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The Flesh is the Pivot of Salvation

Starting from her need, Michelle travels from Canada to the US for a weekend with friends

Last December, I did not welcome the arrival of the new Omicron wave, nor was I thrilled to learn that, after two years of struggle and three rounds of vaccination, we were once again being put in a quasi-full lockdown here in Quebec. However, it was only as I started seriously considering the invitation to a weekend in Sardinia, New York, that I truly understood the extent of the effect this last lockdown had had on me.


When I first talked to my parents about this trip, they were both concerned – because of the COVID-related risks, but also because of the long drive in uncertain winter conditions I was to face to get there. I understood their concerns and, at first, I resigned because I did not want to put them in a difficult situation. I also agreed with them; it seemed totally crazy to drive to the US to spend a weekend in the same room as two dozen people when I couldn’t even enter my best friend’s house here. However, it was at this moment that I realized how much I really needed this weekend. The weight of the loneliness of a lockdown, of trying to make plans but always having them get cancelled by new rules, of living my whole life on Zoom, was slowly becoming unbearable.


I knew that this weekend would help me change my perspective, that it would be a much-needed reminder of the bigger horizon of my life, that, at that moment, was so difficult for me to see in my life here in Montreal. When I shared this with my parents, reopening the conversation that I previously had assumed was closed, it was beautiful to see their shift in perspective. Starting from this immense need I had instead of from the fear we have been living under for too many months, they went out of their way to help me find a safe way to get to Sardinia.


It turns out I was right; I really did need this weekend. It was the simplest reminder, that we need so desperately to be together, to accompany each other in all our needs. In this case, our friend Francesca’s need was to have her friends help her introduce her students at Houghton College to the life of the Movement. We all traveled many hours to be together and to meet this small group of students in the remotest area of New York state. To see so many people go out of their way to be together, taking care of each other in a way that I have only ever seen in this place, I was reminded of what being alive, truly alive, can look like. I was awestruck to see Margherita and Tommaso Tebaldi drive seven hours with their five kids, to feed a group of thirty people and prepare beautiful songs for them. In front of this, I could not remain indifferent. I was amazed that living in such a way was possible, and my heart ached for nothing less than this intensity.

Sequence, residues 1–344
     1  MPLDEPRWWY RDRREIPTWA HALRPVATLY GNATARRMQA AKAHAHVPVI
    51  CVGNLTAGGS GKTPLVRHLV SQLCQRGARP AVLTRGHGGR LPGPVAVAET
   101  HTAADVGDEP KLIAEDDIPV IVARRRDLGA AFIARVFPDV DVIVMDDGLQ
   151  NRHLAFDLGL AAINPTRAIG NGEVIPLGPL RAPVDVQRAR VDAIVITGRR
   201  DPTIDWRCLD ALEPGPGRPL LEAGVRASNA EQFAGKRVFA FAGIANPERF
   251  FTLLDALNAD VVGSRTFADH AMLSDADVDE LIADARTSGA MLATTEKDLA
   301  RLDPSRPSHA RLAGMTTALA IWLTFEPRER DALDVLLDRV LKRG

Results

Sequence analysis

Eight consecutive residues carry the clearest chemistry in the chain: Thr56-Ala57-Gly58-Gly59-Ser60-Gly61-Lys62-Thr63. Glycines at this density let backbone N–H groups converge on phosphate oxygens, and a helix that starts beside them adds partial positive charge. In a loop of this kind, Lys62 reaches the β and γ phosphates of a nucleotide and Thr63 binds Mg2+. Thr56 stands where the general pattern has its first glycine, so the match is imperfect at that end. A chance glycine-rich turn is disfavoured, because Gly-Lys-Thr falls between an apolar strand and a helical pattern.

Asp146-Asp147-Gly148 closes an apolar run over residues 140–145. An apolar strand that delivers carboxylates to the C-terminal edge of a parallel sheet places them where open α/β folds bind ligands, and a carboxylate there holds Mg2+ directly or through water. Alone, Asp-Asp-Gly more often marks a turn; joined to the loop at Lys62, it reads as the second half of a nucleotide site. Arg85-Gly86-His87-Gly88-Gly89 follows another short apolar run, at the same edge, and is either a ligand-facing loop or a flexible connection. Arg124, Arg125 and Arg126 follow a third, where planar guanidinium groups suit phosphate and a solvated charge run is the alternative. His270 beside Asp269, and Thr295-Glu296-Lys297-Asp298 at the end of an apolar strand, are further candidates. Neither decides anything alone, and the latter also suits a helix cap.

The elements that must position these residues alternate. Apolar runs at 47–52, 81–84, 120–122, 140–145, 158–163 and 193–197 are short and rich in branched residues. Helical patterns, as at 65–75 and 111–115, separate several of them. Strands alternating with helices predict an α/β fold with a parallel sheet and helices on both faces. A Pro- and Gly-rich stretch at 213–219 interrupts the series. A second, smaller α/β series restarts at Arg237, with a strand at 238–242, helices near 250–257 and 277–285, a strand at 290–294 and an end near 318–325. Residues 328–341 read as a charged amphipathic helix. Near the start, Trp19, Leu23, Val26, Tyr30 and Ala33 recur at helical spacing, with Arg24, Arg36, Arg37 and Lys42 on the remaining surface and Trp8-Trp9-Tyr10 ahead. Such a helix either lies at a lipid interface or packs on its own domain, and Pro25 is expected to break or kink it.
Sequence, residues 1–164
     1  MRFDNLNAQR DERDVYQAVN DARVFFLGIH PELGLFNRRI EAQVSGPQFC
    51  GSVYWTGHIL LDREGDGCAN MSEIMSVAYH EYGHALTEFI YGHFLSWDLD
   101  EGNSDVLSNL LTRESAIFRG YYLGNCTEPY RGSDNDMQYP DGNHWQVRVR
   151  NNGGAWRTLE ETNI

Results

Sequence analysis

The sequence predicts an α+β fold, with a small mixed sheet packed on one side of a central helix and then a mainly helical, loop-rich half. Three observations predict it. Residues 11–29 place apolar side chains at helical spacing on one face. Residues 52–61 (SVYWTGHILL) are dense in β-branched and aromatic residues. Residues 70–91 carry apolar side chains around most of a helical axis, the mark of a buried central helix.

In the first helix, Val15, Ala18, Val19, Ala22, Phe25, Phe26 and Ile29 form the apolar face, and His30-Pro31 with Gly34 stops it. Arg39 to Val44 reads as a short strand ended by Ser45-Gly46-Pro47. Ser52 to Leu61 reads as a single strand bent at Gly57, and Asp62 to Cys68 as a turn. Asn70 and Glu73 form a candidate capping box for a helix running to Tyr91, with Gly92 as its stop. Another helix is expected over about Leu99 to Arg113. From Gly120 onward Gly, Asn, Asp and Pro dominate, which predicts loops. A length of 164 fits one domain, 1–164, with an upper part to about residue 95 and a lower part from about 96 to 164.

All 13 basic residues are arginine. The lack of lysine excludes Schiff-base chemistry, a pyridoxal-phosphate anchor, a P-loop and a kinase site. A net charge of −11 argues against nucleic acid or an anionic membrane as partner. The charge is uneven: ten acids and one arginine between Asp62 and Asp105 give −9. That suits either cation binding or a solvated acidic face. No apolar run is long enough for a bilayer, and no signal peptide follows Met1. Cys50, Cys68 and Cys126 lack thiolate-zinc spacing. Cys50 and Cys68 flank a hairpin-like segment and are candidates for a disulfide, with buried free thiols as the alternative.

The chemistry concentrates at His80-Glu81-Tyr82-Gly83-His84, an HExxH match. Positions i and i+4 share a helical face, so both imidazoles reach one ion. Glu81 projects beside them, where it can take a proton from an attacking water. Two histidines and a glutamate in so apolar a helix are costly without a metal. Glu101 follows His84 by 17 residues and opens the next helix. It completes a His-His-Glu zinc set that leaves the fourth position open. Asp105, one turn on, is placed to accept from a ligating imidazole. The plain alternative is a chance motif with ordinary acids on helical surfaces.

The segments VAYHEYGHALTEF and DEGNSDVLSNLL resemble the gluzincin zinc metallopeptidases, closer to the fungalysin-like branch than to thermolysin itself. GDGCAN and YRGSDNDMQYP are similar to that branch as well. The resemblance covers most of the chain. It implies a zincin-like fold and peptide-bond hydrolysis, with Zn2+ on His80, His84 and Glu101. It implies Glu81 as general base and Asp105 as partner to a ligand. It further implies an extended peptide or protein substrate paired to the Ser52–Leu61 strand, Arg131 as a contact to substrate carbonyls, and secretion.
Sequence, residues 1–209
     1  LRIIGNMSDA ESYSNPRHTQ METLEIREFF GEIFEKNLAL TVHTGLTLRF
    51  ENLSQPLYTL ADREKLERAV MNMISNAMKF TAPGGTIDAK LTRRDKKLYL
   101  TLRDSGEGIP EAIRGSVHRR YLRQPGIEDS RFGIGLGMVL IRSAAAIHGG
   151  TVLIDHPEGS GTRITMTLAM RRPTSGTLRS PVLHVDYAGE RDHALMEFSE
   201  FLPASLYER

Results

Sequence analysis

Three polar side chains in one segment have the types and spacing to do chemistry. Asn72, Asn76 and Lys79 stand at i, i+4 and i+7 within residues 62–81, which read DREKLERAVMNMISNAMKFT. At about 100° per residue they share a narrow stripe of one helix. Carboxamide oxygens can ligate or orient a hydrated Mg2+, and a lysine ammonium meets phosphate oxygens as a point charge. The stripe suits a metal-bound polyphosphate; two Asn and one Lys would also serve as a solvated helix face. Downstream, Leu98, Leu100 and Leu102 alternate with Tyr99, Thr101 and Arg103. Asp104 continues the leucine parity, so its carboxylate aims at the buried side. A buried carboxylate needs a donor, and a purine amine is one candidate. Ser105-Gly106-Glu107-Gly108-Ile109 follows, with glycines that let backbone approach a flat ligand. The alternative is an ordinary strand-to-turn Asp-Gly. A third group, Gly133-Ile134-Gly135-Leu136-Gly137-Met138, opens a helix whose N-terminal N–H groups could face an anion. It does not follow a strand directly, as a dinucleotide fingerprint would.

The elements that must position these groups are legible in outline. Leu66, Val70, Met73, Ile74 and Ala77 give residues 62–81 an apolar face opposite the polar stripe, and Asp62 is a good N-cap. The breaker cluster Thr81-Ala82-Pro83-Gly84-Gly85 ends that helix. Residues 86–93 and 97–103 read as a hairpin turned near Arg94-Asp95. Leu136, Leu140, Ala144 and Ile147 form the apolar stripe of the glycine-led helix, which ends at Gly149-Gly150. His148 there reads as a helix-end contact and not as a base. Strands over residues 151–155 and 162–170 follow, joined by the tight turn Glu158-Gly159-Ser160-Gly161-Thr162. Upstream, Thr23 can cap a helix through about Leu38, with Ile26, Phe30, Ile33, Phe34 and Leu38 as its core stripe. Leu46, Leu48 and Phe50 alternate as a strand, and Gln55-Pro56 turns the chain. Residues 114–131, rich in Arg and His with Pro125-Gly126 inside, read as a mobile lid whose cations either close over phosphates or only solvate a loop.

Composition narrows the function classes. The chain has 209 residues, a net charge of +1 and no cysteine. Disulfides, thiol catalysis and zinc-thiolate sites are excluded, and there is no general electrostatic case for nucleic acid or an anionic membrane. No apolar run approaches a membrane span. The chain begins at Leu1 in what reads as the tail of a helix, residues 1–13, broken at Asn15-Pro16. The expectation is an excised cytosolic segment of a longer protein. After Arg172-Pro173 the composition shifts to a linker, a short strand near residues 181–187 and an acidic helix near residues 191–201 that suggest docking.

On the first morning of the weekend, I was asked to share the letter I wrote to the Primer of Quebec, asking him to reopen churches (one of the many restrictions imposed last December was the closure of all places of worship). Looking back on this weekend, I can see that my letter was expressing something that I continued to understand during those two days together – that nothing can replace the flesh. I needed to be reminded that the face of Jesus is real, and that He is present in the friends around me, those I can touch and embrace. This weekend my heart was reawakened by the care that was put into preparing songs, presentations, food, witnesses, by the faces of these friends that I had never met before this weekend but that are now my family. It reminded me that the desire of my heart is infinite, and that I never want to settle for less than this infinite. One song we sang said: “The people I see return my greetings, the things in which I believe are concrete all around me. It is you, Lord, answering me: Here I am.” (Le Stoppie Aride)


This “Here I am” that I had been desperately searching for, I found in each of the faces of my friends, old and new. If I cannot give myself for my friends, if I cannot grow with them, embrace them with my whole life, then what am I here for?


Michelle, Montreal

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